This cannot continue. It's not sustainable and we're not going to pretend as though it is sustainable. This is wrong that New York City is carrying the weight of a national problem. New York City is where people come in search of the American dream and that dream should not turn into a nightmare. It should not turn into a suicide that I sat and visited a family member over the weekend who lost her husband and the children lost their dad. Speaking with her, coming here to pursue that dream turned into a nightmare.
And this is what happens when you overburden the system in an unfair manner. That's a real human being that lost her husband and the children lost their dad due to what I believe is how the national government is not effectively handling this issue. We must address this issue in a real way. And unlike Texas, where Governor Abbott is ordering troopers to push migrant children into the Rio Grande and deny asylum seekers drinking water, our city has continued to respond with humanity and compassion.
Listen to the numbers. 90,000 people have arrived in our city and have gone through the process. 90,000 people. Our city has continued to do its job. We gave them a place to sleep, we gave them food. We ensure that the children were in our school system and incorporated into our school system. New Yorkers know that our city and country have been here and we continue to be here for the immigrant populations.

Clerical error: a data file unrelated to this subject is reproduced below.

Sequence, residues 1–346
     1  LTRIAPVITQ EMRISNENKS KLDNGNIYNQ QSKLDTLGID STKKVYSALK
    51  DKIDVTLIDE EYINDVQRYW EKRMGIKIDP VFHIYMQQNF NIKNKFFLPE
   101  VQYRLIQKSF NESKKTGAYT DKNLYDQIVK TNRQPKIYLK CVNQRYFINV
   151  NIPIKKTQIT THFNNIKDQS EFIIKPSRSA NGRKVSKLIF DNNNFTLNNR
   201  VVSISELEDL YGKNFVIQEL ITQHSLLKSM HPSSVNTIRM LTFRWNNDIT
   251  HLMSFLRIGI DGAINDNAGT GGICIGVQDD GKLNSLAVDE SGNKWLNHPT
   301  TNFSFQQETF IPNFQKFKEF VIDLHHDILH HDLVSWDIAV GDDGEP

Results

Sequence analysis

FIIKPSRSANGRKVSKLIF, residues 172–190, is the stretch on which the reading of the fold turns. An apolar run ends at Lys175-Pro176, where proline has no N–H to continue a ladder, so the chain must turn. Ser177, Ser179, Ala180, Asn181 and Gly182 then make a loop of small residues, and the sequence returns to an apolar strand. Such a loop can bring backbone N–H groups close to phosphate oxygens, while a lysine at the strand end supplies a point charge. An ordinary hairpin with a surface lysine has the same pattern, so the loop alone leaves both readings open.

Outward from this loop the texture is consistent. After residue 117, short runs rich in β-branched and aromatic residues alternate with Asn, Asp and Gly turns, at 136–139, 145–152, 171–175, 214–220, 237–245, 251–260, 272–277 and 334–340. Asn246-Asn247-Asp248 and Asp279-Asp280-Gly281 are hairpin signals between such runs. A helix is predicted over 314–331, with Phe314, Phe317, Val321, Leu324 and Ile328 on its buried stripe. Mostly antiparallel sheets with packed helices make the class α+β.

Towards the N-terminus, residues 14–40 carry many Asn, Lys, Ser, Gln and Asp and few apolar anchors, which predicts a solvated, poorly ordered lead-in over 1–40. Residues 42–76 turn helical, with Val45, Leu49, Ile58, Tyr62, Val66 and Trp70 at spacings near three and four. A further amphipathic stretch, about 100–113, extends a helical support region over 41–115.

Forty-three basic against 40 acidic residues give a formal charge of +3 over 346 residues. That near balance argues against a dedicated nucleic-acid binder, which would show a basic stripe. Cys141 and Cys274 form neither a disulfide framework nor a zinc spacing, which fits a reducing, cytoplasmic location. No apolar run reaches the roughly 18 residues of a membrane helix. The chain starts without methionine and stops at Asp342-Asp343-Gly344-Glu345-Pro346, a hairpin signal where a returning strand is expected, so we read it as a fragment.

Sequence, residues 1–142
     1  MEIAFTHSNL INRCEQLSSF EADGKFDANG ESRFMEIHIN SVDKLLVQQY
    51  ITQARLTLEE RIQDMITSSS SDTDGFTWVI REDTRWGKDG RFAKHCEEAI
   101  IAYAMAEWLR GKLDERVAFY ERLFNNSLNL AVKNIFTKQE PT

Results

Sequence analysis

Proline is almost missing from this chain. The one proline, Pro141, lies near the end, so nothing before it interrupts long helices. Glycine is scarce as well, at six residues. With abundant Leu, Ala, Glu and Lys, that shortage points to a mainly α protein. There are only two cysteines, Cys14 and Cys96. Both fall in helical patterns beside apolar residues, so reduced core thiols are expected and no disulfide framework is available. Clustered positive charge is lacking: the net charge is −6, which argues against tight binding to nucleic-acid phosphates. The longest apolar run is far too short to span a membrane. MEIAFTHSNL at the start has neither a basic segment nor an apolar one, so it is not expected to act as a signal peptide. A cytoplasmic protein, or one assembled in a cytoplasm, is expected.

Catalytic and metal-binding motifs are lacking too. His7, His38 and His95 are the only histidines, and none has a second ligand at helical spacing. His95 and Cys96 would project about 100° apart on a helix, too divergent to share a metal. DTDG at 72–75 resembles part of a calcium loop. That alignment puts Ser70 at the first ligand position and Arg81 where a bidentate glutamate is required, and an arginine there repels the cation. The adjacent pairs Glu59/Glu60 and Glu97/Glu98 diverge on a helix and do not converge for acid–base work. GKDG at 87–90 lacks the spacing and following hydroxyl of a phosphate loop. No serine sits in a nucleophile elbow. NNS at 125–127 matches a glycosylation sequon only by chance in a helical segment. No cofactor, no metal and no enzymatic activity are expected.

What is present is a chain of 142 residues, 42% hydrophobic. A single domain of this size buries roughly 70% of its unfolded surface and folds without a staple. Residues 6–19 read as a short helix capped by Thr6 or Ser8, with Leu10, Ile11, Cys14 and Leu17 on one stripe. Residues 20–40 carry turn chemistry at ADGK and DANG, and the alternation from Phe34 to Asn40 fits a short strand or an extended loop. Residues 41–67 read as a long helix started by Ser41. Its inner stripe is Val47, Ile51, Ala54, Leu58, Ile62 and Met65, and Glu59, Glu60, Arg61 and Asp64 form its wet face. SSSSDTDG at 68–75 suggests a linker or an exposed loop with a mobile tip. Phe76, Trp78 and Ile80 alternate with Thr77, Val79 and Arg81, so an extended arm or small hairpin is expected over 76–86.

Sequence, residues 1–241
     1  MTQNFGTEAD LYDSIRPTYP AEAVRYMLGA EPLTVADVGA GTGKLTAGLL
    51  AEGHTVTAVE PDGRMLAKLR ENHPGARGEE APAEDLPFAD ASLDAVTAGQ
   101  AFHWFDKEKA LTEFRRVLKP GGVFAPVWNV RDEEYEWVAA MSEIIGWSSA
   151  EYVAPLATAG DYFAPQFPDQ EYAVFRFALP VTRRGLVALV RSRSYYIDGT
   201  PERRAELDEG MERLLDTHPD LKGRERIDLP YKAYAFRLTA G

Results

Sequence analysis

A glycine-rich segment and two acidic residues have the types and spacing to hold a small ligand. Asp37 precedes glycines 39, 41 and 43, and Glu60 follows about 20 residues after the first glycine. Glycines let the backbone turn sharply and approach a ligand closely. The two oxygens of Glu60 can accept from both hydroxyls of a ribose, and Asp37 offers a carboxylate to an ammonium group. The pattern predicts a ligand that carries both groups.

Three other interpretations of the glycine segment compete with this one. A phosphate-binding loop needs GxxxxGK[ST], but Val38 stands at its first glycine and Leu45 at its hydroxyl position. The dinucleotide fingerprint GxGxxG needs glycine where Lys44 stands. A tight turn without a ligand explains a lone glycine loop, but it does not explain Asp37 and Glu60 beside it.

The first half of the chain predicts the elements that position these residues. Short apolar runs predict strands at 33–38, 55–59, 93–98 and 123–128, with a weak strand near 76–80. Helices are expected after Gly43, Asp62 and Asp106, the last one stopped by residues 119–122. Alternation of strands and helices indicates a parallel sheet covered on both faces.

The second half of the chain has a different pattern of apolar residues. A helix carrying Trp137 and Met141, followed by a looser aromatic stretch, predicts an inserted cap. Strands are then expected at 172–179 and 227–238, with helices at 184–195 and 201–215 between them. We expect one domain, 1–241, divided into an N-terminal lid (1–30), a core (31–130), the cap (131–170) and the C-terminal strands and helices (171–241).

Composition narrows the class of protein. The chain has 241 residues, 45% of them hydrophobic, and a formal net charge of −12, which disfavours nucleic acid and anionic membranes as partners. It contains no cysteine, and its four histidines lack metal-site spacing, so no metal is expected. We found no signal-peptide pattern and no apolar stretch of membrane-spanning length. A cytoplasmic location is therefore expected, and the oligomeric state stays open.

This is what has built not only our city, but our country, but we cannot continue to absorb tens of thousands of newcomers on our own without the help of the state and federal government. I want to thank Governor Hochul for her assistance. We need more on all of our state partners throughout the entire state. New York City's the economic engine of this state and country, and we need the support and the voices and the advocacy for everyone that's in government.